Food for thought.
I visited Detroit a little over eight years ago. It was an inspiring place at an important time in its history. Shortly before the city filed for bankruptcy in 2013 following the steady decline in population due to collapse of industry in a city that was built for the motor industry. It is important to be careful about fetishising the crumbling of Detroit, for many residents for whom Detroit was a place to call home the fact that the city was in flux a source of best friction and at worst desolation.
But Detroit seems to have an enduring ability to overcome adversity and to build from the ground up; for some, the collapse of the economy had brought about the opportunity for a new way of life. Freed from the burden of the usual expense of city living – and with an abundance of unused spaces around them they had begun to grow things there.
At this time the transformation of the landscape was captivating but my interest was largely aesthetic. Retrospectively, having spent more time growing food to eat myself, and having read about farms, and farming I see it differently – this is less about a hopeful but dystopian juxtaposition and more about retuning our relationship with the most fundamental parts of our living.
Detroit perhaps more than anywhere embodies the hapless use of resources of the last century and of our arrogance in trying to shape the environment around our wants. But what emerged amongst the all the concrete and grand buildings, the factories and the once neat suburbs of the ailing city show how we could grow food close to home. It also shows that given the space it is something that people are drawn to do; and are nourished by.
Large scale farming – regimented fields of single crops or livestock, long transport chains are as big a testament to our carelessness as the metropolis’ they supply. Like the industry that funded the motor city, economics is the driving force for change as well as malfunction. Agricultural methods are usually brought about to meet market forces demanding for more produce at lower cost. As the fate of many who owned or worked the land in the drought stricken southern planes of the 1930’s shows, farmers are usually the first in line to loose out when things go wrong. As dystopian as our current days can feel at times, a total collapse of this version of society seems unlikely anytime soon. As long as we are all here we all need to eat – farming and agriculture is at the sharp edge of our irregular relationship with nature, and farmers are too often at the sharp edge of our poorly distributed economies.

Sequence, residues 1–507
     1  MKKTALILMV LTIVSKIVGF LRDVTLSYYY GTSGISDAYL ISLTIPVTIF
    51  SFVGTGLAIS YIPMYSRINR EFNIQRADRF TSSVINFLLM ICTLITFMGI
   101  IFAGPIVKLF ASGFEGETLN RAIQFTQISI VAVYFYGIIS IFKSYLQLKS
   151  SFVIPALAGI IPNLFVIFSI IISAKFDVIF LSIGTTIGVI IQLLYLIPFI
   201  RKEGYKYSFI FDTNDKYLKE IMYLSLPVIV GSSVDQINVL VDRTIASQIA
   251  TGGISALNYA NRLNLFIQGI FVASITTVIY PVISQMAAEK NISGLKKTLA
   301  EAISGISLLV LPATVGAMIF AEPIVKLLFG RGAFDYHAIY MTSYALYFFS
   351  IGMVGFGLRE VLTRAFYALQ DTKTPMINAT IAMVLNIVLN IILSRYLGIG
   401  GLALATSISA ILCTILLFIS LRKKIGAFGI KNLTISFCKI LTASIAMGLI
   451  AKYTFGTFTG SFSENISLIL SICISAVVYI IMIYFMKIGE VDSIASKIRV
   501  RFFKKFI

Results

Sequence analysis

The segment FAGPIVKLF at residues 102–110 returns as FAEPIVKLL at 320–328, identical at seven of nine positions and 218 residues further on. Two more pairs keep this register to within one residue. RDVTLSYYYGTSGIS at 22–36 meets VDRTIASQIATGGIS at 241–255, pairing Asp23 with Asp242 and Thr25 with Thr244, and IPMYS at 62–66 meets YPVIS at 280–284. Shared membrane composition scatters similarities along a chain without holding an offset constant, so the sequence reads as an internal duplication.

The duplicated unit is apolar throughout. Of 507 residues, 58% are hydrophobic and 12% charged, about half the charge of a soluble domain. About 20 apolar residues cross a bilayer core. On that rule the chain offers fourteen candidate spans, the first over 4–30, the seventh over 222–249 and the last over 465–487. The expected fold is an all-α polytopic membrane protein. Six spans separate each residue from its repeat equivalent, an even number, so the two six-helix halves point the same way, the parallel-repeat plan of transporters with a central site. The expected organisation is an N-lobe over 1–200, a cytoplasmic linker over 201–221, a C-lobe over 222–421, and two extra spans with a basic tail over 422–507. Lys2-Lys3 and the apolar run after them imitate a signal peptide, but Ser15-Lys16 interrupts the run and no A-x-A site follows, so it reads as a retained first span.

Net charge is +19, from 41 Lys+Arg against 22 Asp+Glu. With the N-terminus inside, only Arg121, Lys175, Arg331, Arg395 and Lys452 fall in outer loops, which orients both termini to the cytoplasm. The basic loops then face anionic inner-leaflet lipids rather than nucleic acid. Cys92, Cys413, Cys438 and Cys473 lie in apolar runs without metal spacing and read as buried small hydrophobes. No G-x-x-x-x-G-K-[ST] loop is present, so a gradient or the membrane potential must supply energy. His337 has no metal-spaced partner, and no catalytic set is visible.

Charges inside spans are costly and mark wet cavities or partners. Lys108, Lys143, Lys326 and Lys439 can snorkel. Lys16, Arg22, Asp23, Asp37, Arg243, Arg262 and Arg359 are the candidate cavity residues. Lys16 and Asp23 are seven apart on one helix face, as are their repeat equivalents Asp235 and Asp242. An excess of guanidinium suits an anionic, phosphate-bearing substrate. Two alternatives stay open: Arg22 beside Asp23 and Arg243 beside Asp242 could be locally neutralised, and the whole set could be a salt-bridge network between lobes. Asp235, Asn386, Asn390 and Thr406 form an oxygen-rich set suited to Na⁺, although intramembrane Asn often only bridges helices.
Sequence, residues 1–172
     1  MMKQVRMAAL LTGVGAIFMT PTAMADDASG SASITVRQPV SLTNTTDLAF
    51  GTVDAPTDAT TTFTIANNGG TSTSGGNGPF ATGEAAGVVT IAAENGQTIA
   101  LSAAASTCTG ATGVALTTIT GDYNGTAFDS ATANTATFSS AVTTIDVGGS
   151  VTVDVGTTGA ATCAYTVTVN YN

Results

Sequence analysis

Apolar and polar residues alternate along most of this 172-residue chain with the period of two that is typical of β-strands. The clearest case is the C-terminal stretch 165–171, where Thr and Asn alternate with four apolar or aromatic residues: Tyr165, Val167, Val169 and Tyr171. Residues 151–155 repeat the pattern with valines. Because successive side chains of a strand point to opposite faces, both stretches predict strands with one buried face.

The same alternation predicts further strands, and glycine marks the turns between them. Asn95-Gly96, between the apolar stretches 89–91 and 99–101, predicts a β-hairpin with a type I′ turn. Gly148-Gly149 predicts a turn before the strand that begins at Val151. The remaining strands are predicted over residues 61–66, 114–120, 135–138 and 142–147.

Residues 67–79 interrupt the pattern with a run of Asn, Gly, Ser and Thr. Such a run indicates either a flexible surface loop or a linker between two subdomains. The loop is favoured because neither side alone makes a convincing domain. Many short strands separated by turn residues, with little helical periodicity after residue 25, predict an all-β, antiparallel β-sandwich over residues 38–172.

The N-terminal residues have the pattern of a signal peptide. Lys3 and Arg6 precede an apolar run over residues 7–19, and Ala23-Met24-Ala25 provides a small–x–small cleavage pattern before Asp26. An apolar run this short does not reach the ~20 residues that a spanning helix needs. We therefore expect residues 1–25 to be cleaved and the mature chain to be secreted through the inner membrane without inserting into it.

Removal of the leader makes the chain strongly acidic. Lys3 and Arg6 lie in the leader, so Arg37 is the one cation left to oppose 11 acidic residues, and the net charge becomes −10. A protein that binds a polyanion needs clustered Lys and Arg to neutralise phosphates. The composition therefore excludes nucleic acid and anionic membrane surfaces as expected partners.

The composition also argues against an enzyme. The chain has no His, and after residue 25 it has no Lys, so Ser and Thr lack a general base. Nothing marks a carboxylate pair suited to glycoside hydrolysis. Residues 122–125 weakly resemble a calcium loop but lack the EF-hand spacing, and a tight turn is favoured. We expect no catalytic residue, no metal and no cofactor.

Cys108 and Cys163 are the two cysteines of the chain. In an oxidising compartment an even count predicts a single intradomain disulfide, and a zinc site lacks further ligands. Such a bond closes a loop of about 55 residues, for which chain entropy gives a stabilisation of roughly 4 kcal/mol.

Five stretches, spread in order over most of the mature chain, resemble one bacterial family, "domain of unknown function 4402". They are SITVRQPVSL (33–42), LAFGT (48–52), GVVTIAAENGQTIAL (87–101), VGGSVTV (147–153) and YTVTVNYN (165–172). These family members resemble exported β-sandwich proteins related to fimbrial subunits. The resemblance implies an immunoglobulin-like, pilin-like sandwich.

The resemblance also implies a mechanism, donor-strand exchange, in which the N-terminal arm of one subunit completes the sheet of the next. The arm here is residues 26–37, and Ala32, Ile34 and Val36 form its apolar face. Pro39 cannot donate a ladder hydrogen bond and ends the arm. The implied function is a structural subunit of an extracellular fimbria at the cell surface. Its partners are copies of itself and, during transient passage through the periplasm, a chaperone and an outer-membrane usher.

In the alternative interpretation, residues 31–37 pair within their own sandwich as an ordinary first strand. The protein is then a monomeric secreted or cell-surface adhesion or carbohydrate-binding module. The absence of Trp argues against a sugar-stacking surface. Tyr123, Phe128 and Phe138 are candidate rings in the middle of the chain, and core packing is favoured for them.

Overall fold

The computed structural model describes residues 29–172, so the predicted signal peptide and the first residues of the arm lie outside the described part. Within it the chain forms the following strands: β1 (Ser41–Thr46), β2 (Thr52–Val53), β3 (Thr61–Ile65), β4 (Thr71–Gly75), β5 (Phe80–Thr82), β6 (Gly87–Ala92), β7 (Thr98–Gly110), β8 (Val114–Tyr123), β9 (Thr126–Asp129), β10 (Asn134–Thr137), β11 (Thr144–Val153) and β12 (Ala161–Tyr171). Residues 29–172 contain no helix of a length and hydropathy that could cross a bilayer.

Raime – Passed Over Trail
Call Super – Milkweed
Camp Of Wolves – Collapsed Adit
Triad God – Chow Bat Por
Heathered Pearls feat. Danny Scales – Muscle/Maintain/Feen
Nosaj Thing – No Mind
Arthur Russell – I Take This Time (Live 6/24/84)
Cktrl – Will The Feelings Leave
The Cinematic Orchestra – Lessons (Dorian Concept Remix)
Dr…um – Gloomy Monday
Pursuit Grooves – Footprints Galore
Cornell Campbell – Bandulu-Hard Time featuring Ra…
The Revolutionaries – Kunta Kinte Version 1
Mark Pritchard – Be Like Water
Kamran – Kamran
Boardgame James – Specialised Movers
Elf Kid – Golden Boy (Hilts Remix)
Ikonika – Please
Zha – Shattered
ETCH – Distrust
Coco Bryce – Deep Into The Jungle
Sound Source Direct – A Made Up Sound
Wardown – Thanks for Comming
Claude Speed – Backwards Track 3
Craven Faults – Hard Level Force
Griffit Vigo – Ancestral Vibe
Scratcha DVA – Storm_Original_Mix
John Beltran – Moth
Andy Stott – Faith in Strangers
Samples and further watching.
Living Soil: A Documentary – a documentary from the Soil institute looking at how large scale farming can adapt new methods to protect and enrich the most vital component.
James Lovelock explaining Gaia theory – how our planet could be considered an organism full of complex symbiotic relationships.
This Land Is Our Land: The Farm Crisis In America – 1986 documentary about the state of farming and the market forces affecting farming.
Dairy Farming in the UK in the 1960’s – a short documentary from the 1960s about dairy farming.
Motown to Growtown: Detroit’s Urban Farming Revolution – exploring Detroits urban farms and farmers.
Header image: Arthur Rothstein